Tuesday, October 29, 2013

Curried Butternut Squash Soup (with sriracha!)

Y'all, it just tastes like fall.

I love spring produce, with its peas and asparagus and loads of fresh herbs, and the way it melts into the berries and tomatoes of summer, but there's just something so very, very satisfying about FALL PRODUCE: the sweet potatoes, the pears, the brussels sprouts, and all manner of decorative gourds!

I bought a butternut squash the other day and roasted it with za'atar. It was lovely, and then the rest of it has been hanging out in my crisper waiting to be made into something special. And today I decided on soup.

Now, I'm not big on sweets. I love salty, I love sour, I love spicy, and when it comes to my veggies, I love savory, savory, savory. I grew up my whole life thinking I hated sweet potatoes, because I'd only ever had them covered in marshmallows!!! Can you believe that nonsense?

This one is super easy, super cheap, and super satisfying on a crisp fall day. Here's what you do: first, swirl some olive oil in a pot and turn the stove on. While it's heating, chop an onion. Cry. Add the onion to the oil, add some salt, and get that to sweating. While the onion is cooking, go ahead and peel/mince a coupla-three garlic cloves and about an inch of fresh garlic. Then grab a butternut squash-- I only used half, but it was probably 3-4 cups, peel that and dice it into cubes.

When the onions turn translucent, add the garlic and ginger, and stir it around for a minute or so until you can smell it, add some more salt, a generous pinch (or two) of hot chile flakes, a dried chile de arbol, and about 2 tablespoons of good curry powder. I used Madras, but use your preferred brand or your own mixture.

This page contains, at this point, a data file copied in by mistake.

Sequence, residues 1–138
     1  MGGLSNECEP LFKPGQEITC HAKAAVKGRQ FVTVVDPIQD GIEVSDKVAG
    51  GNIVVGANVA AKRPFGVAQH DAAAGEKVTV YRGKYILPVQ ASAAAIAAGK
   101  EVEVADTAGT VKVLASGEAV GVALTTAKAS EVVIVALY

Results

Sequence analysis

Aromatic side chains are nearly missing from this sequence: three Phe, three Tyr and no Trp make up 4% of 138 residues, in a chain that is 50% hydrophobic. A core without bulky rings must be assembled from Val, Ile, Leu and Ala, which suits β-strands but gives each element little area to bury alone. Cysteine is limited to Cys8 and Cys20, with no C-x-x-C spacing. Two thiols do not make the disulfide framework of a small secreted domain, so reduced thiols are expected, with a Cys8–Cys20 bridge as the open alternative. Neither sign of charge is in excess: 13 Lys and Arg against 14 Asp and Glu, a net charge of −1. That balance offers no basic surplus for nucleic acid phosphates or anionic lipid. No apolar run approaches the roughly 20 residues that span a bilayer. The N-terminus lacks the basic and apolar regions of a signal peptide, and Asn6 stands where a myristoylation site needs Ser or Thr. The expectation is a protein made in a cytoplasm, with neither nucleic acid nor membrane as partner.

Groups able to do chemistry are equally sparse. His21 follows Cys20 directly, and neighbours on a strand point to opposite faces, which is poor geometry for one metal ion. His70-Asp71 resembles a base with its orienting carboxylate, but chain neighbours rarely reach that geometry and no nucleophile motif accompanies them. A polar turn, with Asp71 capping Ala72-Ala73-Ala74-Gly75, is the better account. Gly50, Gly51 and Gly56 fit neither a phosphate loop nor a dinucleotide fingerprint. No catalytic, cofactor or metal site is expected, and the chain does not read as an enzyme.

Add the squash, mix that all up, and cover it with a quart of vegetable or chicken broth. I used chicken, because it was on sale this week, but if you use veggie, ta-da! your recipe will be veggie. Cover it, bring it to a boil, then back off the heat and simmer until the butternut squash is very tender (as in, you can easily mash it with the back of a spoon). At this point, text the broth and re-season. I found it to need quite a bit more salt.

Now here's the important part: Let it cool a bit. Otherwise when you inevitably end up wearing it like I did, it won't scald the ever-living $&%*! out of you like it did me.


So now that we've let it cool, puree it with an immersion blender. Alternatively, you could move it by batches into a stand blender, but that's a lot of work and you should really own an immersion blender.

Puree until smooth-- believe me when I say this needs no cream to be silky-- and then reheat to serving temperature, taste again for seasoning, and top with a glog of good olive oil (and sriracha, if like me, you want it even spicier). 

like a sweater for your insides.

And here's the other important part: do NOT leave off the olive oil. Fat spreads the flavor across your tongue. Fat lets all that deliciousness get down into the grooves of your taste buds. Fat-free food is gross. So twirl some olive oil on top and enjoy your bowl of autumn.